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  4. It looks like a fantastic area to go hiking! And i can totally relate to what happens when the temperatures drop dramatically overnight. Lucky you had those heated bathrooms to fall back to!

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  5. Bryce Canyon looks so wildly beautiful. I am enamoured by the landscapes which seem out of the world. What a great place to indulge in adventure and experience the thrills of a lifetime. I have always been in awe of the natural beauty of Utah which is something so unique.

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  6. Epic landscapes these are! I’ve seen them before but did not know the term hoodoo so a good addition to my travel vocabulary. Loved your perspective in some of these pictures. I need to camp here some day.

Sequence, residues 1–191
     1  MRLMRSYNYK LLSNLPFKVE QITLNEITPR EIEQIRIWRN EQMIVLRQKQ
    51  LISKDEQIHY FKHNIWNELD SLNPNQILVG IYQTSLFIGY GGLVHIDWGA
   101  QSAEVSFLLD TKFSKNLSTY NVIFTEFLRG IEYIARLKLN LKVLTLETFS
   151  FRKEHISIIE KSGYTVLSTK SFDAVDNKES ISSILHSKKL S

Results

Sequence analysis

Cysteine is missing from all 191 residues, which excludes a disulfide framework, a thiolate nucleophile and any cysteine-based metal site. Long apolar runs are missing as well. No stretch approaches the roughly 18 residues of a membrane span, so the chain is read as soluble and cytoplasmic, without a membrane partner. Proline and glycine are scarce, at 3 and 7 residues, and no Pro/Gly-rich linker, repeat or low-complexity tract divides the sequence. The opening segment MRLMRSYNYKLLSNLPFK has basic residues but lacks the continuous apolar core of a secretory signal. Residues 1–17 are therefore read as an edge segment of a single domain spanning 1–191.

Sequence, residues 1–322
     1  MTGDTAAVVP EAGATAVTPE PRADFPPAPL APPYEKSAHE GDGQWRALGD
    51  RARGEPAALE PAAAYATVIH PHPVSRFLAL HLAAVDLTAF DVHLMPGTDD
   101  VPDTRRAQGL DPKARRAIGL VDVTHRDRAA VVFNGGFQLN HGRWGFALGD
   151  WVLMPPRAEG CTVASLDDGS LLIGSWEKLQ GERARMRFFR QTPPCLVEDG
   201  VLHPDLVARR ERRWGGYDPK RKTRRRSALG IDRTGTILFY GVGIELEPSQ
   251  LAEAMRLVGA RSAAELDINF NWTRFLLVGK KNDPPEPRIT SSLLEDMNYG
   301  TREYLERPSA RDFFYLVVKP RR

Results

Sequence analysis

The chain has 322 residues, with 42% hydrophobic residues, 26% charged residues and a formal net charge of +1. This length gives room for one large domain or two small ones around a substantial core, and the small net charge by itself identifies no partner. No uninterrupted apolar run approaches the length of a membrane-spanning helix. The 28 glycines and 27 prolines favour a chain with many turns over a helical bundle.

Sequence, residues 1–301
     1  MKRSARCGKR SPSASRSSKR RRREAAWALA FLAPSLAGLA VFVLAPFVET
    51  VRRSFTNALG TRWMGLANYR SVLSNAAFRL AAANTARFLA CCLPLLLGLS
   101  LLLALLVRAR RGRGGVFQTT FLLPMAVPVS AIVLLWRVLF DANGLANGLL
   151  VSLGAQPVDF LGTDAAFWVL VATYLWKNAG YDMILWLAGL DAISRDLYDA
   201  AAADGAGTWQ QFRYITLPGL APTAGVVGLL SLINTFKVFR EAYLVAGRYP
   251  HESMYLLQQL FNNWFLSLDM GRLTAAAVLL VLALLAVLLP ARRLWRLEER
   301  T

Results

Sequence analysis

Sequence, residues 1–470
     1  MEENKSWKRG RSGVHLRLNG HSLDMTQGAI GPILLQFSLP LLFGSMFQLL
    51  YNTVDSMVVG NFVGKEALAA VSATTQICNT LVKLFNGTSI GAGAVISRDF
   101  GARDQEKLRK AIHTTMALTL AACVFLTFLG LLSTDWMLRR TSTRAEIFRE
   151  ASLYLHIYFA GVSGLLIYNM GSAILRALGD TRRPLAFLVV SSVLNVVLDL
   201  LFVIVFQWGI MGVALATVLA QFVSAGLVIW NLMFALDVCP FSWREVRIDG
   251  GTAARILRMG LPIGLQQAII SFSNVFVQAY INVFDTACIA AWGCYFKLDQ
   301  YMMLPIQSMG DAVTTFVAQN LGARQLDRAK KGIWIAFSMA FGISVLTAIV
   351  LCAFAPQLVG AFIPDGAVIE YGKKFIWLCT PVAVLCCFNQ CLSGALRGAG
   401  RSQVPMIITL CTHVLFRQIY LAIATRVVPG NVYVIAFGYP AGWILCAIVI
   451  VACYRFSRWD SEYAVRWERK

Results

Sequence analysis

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  7. I would love to make it to Bryce Canyon National Park, truly is such a phenomenal landscape. What an opportunity to camp there overnight, even if it was quite chilly – always happens overnight in the desert!! Definitely digging the idea though of heated bathrooms – they must know!!

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  8. Bryce Canyon looks so amazing! We love Utah and all the amazing nature it has to offer. We’ve been to Arches and Zion, but didn’t have enough time to fit Bryce Canyon in as well. Next time for sure! The China Wall looks amazing–I can see why it was your favorite!